The Dallas Movie Screening Group

This is the homepage of the Dallas Movie Screening Group. To join our mailing list you must sign up at our group page on Yahoo. You will then be connected to receive notices on how to find passes to the local screenings in the DFW area. It's up to you to pickup or sign up for passes. You can also barter, trade or just giveaway passes you don't want, need or share with other members of the group. Please read the instructions on the Yahoo page very carefully before posting. This group is closely moderated so that your mail box is not full of spam or other unnecessary mail. We appreciate everyone's consideration and cooperation.

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Friday, January 27, 2017

Things to Come

This film was a bit puzzling to me as I didn’t feel as if there was any purpose to it. I didn’t really feel a strong story line as the film was basically mundane to me. The movie follows Nathalie, a philosophy teacher, throughout a pretty trying period of her life. The struggles become more apparent throughout the film and we see the character become disillusioned with what is occurring around her. Isabelle Huppert delivers a great and solid performance as this older woman trying to make sense of what is crumbling around her. She is basically the only aspect or component that keeps this film together.

After the ending, I was almost disappointed and bewildered about why this picture was actually made. There was nothing about the script that created any sort of excitement, major tension, or significant drama that touches people in any way. I was completely underserved by this film. True, one definitely can have empathy and gain meaning from a story like this because many of the events within the story can easily happen. Beyond any sort of distant connection between the hearts of the film viewers and the filmmakers, there was nothing memorable about this project. I felt, as the credits rolled with the final camera focused inside Huppert’s character’s home, a sense of lacking of emotion.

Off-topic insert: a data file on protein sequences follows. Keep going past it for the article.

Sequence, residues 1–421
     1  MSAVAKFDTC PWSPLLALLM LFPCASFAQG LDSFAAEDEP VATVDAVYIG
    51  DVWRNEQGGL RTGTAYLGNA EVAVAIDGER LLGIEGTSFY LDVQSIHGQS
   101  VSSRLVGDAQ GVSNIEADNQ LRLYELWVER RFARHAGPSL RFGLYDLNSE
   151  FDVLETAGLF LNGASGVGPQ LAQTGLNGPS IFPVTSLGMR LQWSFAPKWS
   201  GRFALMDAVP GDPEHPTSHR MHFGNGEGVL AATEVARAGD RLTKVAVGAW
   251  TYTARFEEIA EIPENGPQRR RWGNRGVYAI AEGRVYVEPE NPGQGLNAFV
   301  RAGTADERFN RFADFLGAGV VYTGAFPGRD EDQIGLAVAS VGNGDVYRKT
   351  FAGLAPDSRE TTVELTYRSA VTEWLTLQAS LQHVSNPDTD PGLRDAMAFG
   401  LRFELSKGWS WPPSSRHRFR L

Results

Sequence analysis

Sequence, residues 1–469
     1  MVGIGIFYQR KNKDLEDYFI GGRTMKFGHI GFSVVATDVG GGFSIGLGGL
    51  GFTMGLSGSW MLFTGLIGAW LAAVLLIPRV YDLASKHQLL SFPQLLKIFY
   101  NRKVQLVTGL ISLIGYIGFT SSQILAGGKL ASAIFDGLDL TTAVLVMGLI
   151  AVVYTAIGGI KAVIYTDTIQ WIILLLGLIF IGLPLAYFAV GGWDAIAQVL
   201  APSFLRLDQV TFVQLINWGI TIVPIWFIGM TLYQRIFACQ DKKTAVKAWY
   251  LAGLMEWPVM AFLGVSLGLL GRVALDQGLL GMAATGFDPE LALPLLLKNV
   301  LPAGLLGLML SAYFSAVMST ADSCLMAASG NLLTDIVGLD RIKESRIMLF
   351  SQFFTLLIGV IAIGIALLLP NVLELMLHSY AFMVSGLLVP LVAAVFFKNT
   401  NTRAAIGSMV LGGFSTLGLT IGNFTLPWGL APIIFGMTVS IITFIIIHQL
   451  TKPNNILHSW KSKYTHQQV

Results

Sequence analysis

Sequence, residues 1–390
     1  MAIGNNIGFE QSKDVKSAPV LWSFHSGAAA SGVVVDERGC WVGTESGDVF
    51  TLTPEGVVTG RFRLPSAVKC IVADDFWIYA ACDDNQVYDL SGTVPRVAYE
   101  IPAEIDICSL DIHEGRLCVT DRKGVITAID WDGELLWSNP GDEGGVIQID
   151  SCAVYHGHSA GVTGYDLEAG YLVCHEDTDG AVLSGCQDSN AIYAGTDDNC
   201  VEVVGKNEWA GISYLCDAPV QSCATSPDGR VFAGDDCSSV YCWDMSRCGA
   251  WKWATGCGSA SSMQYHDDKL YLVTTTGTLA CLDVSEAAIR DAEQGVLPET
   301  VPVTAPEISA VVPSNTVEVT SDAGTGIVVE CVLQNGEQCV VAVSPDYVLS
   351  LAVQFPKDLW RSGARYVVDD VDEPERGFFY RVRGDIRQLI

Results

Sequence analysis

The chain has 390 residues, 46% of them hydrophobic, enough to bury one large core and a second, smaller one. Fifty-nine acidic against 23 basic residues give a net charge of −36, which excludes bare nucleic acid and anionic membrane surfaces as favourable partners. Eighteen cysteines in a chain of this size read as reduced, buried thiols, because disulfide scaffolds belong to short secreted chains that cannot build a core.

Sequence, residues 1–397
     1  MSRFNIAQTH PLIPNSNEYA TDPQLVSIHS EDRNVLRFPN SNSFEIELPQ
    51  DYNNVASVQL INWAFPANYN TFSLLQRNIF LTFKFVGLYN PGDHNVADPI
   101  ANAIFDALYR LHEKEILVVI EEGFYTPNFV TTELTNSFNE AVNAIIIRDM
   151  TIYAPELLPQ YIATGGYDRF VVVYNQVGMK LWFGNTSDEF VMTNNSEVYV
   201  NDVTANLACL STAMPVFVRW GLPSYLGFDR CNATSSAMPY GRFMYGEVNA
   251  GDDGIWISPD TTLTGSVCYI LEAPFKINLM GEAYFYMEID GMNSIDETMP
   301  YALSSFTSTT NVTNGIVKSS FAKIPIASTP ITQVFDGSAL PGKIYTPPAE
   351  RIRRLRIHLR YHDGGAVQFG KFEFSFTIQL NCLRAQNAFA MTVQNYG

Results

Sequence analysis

There was an intriguing character of a former student who was basically an anarchist living in a secluded home with several other like-minded individuals. This character’s name is Fabien and he is played by Roman Kolinka. Fabien is someone who is like a comfort cushion or teddy bear for Nathalie. He is almost or is like a good friend although the disparity in their ages is overt. His educated mind which fuels his love for reading and revolution is somewhat engaging to watch.
(Review by Wyatt Head)

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